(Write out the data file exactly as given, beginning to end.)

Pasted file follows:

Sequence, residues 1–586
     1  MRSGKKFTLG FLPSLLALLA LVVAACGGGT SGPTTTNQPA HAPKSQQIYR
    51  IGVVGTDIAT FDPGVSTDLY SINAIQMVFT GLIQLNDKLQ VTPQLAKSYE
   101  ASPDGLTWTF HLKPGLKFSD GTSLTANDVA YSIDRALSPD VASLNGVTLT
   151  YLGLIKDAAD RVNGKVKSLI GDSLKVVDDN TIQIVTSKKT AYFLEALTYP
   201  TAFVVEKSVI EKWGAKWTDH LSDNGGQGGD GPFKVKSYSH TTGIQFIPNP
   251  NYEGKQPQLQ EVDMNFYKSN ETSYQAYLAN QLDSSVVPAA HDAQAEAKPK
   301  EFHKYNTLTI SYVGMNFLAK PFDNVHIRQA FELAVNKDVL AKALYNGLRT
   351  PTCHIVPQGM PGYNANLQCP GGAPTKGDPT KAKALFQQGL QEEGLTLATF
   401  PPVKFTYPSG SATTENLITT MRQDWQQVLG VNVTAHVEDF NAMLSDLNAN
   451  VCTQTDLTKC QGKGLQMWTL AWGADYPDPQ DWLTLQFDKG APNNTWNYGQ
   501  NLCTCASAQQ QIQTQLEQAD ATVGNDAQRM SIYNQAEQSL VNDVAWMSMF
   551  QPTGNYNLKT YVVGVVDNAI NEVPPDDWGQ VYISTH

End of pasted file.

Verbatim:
Sequence, residues 1–586
     1  MRSGKKFTLG FLPSLLALLA LVVAACGGGT SGPTTTNQPA HAPKSQQIYR
    51  IGVVGTDIAT FDPGVSTDLY SINAIQMVFT GLIQLNDKLQ VTPQLAKSYE
   101  ASPDGLTWTF HLKPGLKFSD GTSLTANDVA YSIDRALSPD VASLNGVTLT
   151  YLGLIKDAAD RVNGKVKSLI GDSLKVVDDN TIQIVTSKKT AYFLEALTYP
   201  TAFVVEKSVI EKWGAKWTDH LSDNGGQGGD GPFKVKSYSH TTGIQFIPNP
   251  NYEGKQPQLQ EVDMNFYKSN ETSYQAYLAN QLDSSVVPAA HDAQAEAKPK
   301  EFHKYNTLTI SYVGMNFLAK PFDNVHIRQA FELAVNKDVL AKALYNGLRT
   351  PTCHIVPQGM PGYNANLQCP GGAPTKGDPT KAKALFQQGL QEEGLTLATF
   401  PPVKFTYPSG SATTENLITT MRQDWQQVLG VNVTAHVEDF NAMLSDLNAN
   451  VCTQTDLTKC QGKGLQMWTL AWGADYPDPQ DWLTLQFDKG APNNTWNYGQ
   501  NLCTCASAQQ QIQTQLEQAD ATVGNDAQRM SIYNQAEQSL VNDVAWMSMF
   551  QPTGNYNLKT YVVGVVDNAI NEVPPDDWGQ VYISTH